“This medicinal temple known as Keaiwa Heiau at the top of Aiea Heights is so ancient that the history of its early construction is not known. It is called Keaiwa after the medicinal god of early times. The outer walls of the heiau were broken down when the adjacent land was subdivided into houselots. The stones were used for road-building and housebuilding.”
“Also the grass house where the god was placed was cut down for road development. What remains of this heiau is the inner platform. At one time this platform was over nine feet high. Again during World War II, much stone was removed from the heiau and used in various military constructions at that time.” (George Kahuiwai; Larsen)
Much of this area was replanted by foresters in the late 1920s. The lemon eucalyptus trees give the air a light citrus fragrance. Stands of Norfolk Island pine trees mark the lower end of the trail.
It is unknown when this heiau was built but one source suggests that it was constructed in the 16th Century by Kakuhihewa, an ali’i (chief) of Oʻahu, and his kahuna Keaīwa.
The 4-foot high stacked rock wall encloses the sacred area that measures 100 by 160 feet. Within the enclosure was a halau (large thatched structure) built for the master kahuna to store the medicinal implements and train the students. Other features might include hale (small thatched structure) and a puholoholo (steam bath).
The heiau is at the top of ‘Aiea Heights Drive at the Keaīwa Heiau State Recreation Area and the ‘Aiea Loop Trail, a 4.8-mile trail that begins and ends in the park. This trail runs along the ridge on the west side of Halawa Valley and offers views from Pearl Harbor (Pu’uloa) and the Wai’anae Range to Honolulu and Diamond Head (Le’ahi). (State Parks)
The following was published by Clarice B. Taylor in the 1950s; she got her information from several reliable sources, including Mary Kawena Pukui and Anne Peleioholani Hall.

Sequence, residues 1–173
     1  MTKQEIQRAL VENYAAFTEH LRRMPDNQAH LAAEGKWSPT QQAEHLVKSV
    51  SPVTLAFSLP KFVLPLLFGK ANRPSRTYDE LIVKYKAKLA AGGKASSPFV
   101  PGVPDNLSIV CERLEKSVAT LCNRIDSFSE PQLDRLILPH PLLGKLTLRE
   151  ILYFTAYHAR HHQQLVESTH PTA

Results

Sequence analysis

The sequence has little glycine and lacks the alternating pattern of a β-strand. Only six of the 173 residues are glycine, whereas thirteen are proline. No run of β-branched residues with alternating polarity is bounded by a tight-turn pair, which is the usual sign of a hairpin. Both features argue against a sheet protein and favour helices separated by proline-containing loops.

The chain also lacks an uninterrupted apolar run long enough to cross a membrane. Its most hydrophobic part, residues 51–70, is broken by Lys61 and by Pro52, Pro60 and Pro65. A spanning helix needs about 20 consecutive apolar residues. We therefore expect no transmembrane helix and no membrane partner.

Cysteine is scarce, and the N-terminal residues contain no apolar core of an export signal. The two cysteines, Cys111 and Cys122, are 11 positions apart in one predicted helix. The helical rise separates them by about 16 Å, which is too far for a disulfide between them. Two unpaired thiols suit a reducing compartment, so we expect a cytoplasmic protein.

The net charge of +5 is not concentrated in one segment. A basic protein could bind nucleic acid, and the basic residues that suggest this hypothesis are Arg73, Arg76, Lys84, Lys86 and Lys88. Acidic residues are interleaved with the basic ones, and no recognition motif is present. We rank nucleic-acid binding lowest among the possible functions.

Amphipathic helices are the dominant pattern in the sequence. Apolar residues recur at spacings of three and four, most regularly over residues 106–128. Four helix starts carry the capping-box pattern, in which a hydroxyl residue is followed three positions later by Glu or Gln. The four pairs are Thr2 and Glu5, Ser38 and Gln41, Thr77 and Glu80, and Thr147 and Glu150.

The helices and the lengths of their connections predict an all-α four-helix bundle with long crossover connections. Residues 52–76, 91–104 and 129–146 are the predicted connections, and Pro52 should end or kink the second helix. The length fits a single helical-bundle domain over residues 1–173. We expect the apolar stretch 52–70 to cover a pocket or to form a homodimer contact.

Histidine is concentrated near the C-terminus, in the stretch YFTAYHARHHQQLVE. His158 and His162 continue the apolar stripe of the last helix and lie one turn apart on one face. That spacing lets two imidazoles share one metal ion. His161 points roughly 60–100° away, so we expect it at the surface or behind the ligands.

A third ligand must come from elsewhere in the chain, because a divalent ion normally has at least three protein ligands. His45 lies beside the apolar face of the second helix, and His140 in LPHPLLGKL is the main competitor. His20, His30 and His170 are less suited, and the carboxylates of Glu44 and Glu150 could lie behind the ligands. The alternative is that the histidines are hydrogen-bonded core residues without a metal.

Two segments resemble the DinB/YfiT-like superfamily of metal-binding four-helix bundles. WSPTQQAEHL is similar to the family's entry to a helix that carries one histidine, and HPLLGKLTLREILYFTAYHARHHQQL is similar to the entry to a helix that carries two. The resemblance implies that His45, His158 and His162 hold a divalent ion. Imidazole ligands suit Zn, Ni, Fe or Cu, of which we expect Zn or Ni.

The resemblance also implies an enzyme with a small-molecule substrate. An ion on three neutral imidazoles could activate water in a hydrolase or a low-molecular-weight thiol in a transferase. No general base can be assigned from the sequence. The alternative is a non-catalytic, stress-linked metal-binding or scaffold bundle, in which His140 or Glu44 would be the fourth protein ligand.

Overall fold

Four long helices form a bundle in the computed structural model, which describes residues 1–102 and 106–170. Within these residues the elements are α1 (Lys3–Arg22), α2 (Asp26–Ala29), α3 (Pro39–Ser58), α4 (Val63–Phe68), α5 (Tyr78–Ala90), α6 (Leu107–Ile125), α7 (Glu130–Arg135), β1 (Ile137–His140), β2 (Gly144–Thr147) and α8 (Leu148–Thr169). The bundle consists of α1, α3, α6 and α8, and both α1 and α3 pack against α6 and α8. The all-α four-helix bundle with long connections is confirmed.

Taylor wrote this entry entitled “Keaiwa Heiau, the Medical School.” At the time the Keaiwa heiau at the top of Aiea Heights was discovered in 1951 to be the ruins of an ancient medical center, few Hawaiians knew of its ancient usage.
Eminent anthropologists acknowledged that they had never heard of such centers but were convinced when several Hawaiians independently told of them.
In telling of these centers, Mrs. Mary Kawena Pukui, associate in Hawaiian culture at the Bishop Museum, translated the name Ke-a-iwa as “Incomprehensible.”
The thought being that no one could explain the powers of the priests or the herbs used in healing.
She said Ke-a-iwa came from an obsolete word aiwa-iwa which means the mysterios or the incomprehensible.
Further confirmation of the use of Ke-a-iwa has lately been given to me by Paul Keliikoa, a Hawaiian livingin Aiea. Mr. Keliikoa has the story from his grandmother Kamoekai.
In her day Ke-a-iwa was interpreted as “a period of fasting and meditation” and the heiau was so named because novitiates in the art of healing spent long hours in fasting, praying and meditation.
Kamoekai also told her grandson that the very young were taken to Ke-a-iwa to be trained as kahuna lapaau. There they were taight the prayers needed to compound medicines and heal the sick. They cared for the great herb gardens which lay beyond the heiau walls.
After the novice learned his first steps in the art of the kahuna lapaau, he was sent out to other medicinal centers to learn the advanced art of diagnosis and other treatments.
Mr. Keliikoa’s interpretation of the name means a change in the pronounciation. Not Ke-a-iwa,but Ke-ai-wa. Ke-ai is the Hawaiian word for fasting. (Clarice B. Taylor, “Tales About Hawaii,” The Saturday Star-Bulletin, February 28, 1959) (KS) (Information is from State Parks, Larsen, Kamehameha Schools)